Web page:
DHS On POTUS visit to Border Wall Prototype

The following is the Department of Homeland Security’s statement on Trump’s visit to border wall prototypes:

The border wall is only one of the tools we need to secure the border – the wall system also involves mission-ready agents, patrol roads, sensor technology, and support resources,” said Secretary Kirstjen M. Nielsen. “But importantly it also includes the ability to promptly remove illegal aliens, terrorists and criminals, closing often exploited loopholes in our immigration system. After speaking with our frontline operators at the border today, their message underscores the urgency for Congress to take action and find legislative solutions to secure our border and make America safe. I want to thank President Trump for his steadfast support for the men and women of DHS and what they need to execute their mission.

Re-Registration Period Opens for Syrians w/ TPS

USCIS has issued the following press release regarding the re-registration period of Syrians with Temporary Protected Status:

Current beneficiaries of Temporary Protected Status (TPS) under Syria’s designation who want to maintain their status through Sept. 30, 2019, must re-register between March 5, and May 4, 2018. Re-registration procedures, including how to renew employment authorization documentation, have been published in the Federal Register and on the USCIS website.

All applicants must submit Form I-821, Application for Temporary Protected Status. Applicants may also request an Employment Authorization Document (EAD) by submitting a completed Form I-765, Application for Employment Authorization, when they file Form I-821, or separately at a later date. Both forms are free on USCIS’ website at uscis.gov/tps.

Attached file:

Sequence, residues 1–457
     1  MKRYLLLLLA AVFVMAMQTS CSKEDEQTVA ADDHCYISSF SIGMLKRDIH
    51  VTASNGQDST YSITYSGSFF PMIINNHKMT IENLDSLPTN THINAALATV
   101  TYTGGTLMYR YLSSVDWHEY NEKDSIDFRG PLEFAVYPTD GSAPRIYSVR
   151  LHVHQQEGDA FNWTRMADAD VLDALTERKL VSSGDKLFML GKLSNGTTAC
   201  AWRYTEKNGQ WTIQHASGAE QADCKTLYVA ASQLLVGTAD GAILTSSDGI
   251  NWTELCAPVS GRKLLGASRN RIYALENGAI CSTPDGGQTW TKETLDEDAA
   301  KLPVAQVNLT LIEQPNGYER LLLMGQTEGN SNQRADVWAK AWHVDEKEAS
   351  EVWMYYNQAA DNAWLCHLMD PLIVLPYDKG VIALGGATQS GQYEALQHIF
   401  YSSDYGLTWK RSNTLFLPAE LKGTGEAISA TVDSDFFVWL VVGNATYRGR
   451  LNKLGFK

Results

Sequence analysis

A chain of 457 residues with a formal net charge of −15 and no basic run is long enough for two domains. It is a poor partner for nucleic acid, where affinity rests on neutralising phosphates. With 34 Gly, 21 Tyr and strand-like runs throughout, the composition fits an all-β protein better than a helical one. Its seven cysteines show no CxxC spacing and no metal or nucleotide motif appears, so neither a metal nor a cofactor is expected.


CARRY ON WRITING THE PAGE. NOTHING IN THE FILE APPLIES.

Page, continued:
USCIS will issue new EADs with a Sept. 30, 2019, expiration date to eligible Syrian TPS beneficiaries who timely re-register and apply for EADs. However, given the timeframes involved with processing TPS re-registration applications, USCIS is automatically extending the validity of EADs with an expiration date of March 31 for 180 days, through Sept. 27.

To be eligible for TPS under Syria’s current designation, individuals must have continuously resided in the United States since Aug. 1, 2016, and have been continuously physically present in the United States since Oct. 1, 2016, along with meeting the other eligibility requirements.

Visa Bulletin March 2018

The Visa Bulletin provides updated priority date information for family-based and employment-based green cards.

Immigrants to the US are classified into two categories – those requiring placement on a waiting list and those not through their relationship to a US immediate relative. Further, there are numerical quotas on the green cards that require a priority date. If the number of applicants in a year is over the available visa numbers, those applicants are placed on a waiting list and are given a priority date, which estimates when an applicant would get a visa based on the number of previous applicants on the waiting list.
Below are preference category information and visa allocations.